BQ and XBB subvariants show marked impairment in neutralization by sera from vaccine recipients and infected individuals, including those boosted with mRNA vaccines
A new study has revealed alarming antibody evasion properties of two rapidly spreading subvariants of the SARS-CoV-2 Omicron variant, called BQ and XBB. These subvariants have gained dominance in certain regions of the world and have additional spike mutations that may alter their ability to evade antibodies.
Governments and public health authorities must closely monitor and address spread of BQ and XBB subvariants
The study found that neutralization of the BQ and XBB subvariants by sera from vaccine recipients and infected individuals was markedly impaired, including those who had been boosted with a WA1/BA.5 bivalent mRNA vaccine. The neutralizing titers of these subvariants were found to be 13-81-fold and 66-155-fold lower, respectively, compared to the ancestral strain D614G. This is far beyond what has been observed previously for other variants.
New SARS-CoV-2 subvariants pose serious threat to current vaccines
A panel of monoclonal antibodies, including those with Emergency Use Authorization, was also found to largely inactive against these new subvariants. The spike mutations that conferred antibody resistance were individually studied and structurally explained in the study.
Notably, the spike proteins of these subvariants were found to have similar ACE2-binding affinities as their predecessors, suggesting that their observed growth advantage may be due to their extreme antibody evasion properties. This raises serious concerns about the efficacy of current COVID-19 vaccines against these subvariants and the possibility of a surge in breakthrough infections and re-infections.
Monoclonal antibodies authorized for COVID-19 treatment and prevention ineffective against new subvariants
The study also highlighted the urgent need to develop active monoclonal antibodies for clinical use, as the current authorized monoclonal antibody, bebtelovimab, was found to be completely ineffective against these subvariants. This poses a particular problem for immunocompromised individuals who may not respond robustly to vaccines.
These findings indicate that the BQ and XBB subvariants present a significant threat to the global effort to control the COVID-19 pandemic. It is crucial for governments and public health authorities to closely monitor the spread of these subvariants and consider implementing measures to mitigate their impact. This may include the development and distribution of new vaccines and treatments that are effective against these subvariants, as well as continuing to prioritize vaccination efforts and implementing measures to reduce transmission.
What is the concern with the new SARS-CoV-2 BQ and XBB subvariants?
These subvariants have been found to possess alarming antibody evasion properties, meaning they may be able to evade the immune responses of vaccinated individuals or those who have previously been infected with the virus. This could compromise the efficacy of current COVID-19 vaccines and result in a surge of breakthrough infections and re-infections.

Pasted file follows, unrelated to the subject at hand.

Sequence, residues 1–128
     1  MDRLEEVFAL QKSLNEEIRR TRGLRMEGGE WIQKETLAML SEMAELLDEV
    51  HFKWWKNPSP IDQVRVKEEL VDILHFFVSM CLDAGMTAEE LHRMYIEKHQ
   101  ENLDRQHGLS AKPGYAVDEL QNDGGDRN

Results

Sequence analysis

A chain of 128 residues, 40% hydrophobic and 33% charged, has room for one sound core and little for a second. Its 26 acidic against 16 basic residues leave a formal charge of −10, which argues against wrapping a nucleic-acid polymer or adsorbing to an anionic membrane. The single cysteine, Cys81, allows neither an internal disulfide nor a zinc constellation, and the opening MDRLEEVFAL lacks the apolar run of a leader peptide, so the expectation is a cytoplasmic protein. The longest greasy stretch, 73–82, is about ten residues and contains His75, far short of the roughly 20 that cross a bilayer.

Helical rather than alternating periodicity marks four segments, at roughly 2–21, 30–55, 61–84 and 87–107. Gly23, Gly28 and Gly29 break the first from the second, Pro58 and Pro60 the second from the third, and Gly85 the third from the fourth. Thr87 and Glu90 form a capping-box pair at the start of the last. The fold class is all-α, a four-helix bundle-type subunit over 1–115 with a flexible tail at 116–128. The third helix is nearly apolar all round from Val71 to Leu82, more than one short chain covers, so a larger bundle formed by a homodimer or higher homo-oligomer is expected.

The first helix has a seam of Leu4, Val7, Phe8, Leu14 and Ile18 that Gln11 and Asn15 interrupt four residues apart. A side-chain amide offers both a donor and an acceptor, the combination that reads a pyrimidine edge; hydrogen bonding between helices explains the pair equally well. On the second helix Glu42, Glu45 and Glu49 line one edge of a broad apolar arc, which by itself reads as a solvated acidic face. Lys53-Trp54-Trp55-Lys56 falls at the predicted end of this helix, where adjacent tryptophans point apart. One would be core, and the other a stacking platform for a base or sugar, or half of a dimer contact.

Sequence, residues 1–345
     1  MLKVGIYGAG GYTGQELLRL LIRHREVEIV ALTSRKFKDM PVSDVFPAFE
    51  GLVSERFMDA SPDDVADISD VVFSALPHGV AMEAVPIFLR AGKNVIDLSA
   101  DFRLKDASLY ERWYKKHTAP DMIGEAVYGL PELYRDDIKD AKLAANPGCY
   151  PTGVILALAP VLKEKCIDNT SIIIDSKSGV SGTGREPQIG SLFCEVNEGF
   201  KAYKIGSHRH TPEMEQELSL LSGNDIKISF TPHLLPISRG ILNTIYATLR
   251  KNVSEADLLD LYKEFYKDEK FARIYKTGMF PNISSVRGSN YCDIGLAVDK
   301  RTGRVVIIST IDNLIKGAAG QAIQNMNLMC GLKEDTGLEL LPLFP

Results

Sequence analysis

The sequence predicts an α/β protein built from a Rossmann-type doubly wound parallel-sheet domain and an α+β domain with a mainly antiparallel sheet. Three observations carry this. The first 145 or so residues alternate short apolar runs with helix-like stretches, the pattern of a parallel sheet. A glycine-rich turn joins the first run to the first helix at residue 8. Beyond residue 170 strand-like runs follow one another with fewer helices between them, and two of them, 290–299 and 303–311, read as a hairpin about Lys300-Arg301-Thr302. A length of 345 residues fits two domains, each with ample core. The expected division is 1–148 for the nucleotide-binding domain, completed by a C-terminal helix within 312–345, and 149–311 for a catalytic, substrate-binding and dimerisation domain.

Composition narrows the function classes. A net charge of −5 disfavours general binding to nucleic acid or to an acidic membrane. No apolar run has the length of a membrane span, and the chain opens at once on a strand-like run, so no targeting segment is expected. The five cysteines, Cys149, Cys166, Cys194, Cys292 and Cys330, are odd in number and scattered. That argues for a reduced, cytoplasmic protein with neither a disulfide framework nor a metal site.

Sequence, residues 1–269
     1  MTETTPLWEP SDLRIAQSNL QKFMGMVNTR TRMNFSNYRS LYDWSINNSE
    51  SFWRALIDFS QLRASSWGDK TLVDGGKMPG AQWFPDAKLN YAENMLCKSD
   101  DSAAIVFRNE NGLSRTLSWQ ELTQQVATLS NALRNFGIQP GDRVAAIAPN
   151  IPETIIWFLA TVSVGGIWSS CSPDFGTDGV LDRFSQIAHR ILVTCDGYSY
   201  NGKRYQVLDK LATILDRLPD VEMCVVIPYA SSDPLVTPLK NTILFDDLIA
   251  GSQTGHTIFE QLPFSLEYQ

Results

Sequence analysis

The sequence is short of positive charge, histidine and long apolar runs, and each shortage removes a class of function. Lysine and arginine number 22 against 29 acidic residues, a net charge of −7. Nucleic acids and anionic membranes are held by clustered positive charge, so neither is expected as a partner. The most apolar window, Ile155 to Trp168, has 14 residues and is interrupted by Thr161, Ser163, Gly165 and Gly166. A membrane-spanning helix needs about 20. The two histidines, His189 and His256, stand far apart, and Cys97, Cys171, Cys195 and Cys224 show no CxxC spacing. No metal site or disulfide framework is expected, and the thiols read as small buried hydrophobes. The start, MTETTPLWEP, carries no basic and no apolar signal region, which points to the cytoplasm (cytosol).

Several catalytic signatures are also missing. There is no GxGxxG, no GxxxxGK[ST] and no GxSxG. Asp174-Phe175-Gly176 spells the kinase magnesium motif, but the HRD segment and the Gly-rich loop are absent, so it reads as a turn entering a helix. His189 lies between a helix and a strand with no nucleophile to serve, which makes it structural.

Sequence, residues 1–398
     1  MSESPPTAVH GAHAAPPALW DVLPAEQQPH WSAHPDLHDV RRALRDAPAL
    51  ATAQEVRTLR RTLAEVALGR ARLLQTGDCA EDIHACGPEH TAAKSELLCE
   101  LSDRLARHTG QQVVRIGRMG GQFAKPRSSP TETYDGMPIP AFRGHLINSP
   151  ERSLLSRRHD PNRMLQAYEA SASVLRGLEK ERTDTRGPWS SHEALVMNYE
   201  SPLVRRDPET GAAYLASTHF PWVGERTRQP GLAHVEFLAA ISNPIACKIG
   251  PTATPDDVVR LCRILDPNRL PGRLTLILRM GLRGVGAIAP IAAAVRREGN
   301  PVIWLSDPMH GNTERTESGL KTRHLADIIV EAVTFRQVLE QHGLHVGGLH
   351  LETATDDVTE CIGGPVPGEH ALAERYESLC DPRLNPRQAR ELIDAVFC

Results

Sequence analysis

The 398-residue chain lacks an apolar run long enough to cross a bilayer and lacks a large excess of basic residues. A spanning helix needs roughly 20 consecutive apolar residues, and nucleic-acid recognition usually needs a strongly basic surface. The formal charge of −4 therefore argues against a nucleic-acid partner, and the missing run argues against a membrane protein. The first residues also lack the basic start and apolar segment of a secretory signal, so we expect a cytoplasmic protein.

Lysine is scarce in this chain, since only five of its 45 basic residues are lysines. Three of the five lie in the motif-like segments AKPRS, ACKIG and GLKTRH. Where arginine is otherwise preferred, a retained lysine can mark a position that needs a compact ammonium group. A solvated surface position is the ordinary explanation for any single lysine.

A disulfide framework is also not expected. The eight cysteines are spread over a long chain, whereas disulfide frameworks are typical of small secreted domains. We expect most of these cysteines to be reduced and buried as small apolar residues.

How do these subvariants evade antibodies?
These subvariants have evolved additional mutations in their spike proteins, the proteins the virus uses to enter human cells. These mutations appear to “fill up the holes” that allow specific monoclonal antibodies to neutralize the virus, making the subvariants resistant primarily to neutralization by these antibodies.
Is this a high alarm situation?
The rapid emergence and spread of these subvariants and their extreme antibody evasion properties make this a cause for concern. It is important for governments and public health authorities to closely monitor the spread of these subvariants and consider implementing measures to mitigate their impact.
How can we prevent the spread of these subvariants?
Measures such as vaccines, masks, physical distancing, and hand hygiene can help reduce the spread of these subvariants, as well as any other variant of the virus. It is important for individuals to continue following recommended public health guidelines and for governments to prioritize vaccination efforts.
How effective are current COVID-19 vaccines against these subvariants?
According to the study, neutralization of the BQ and XBB subvariants by sera from vaccinees was markedly impaired, including sera from individuals who had received a bivalent mRNA vaccine. However, it is worth noting that this is a preprint that has not yet undergone peer review, so the findings should be interpreted with caution. It is important for ongoing research to continue to assess the effectiveness of current vaccines against these subvariants.
What should governments do about these subvariants?
Governments should closely monitor the spread of these subvariants and consider implementing measures to mitigate their impact. This may include developing and distributing new vaccines and effective treatments against these subvariants, as well as continuing to prioritize vaccination efforts and implementing measures to reduce transmission.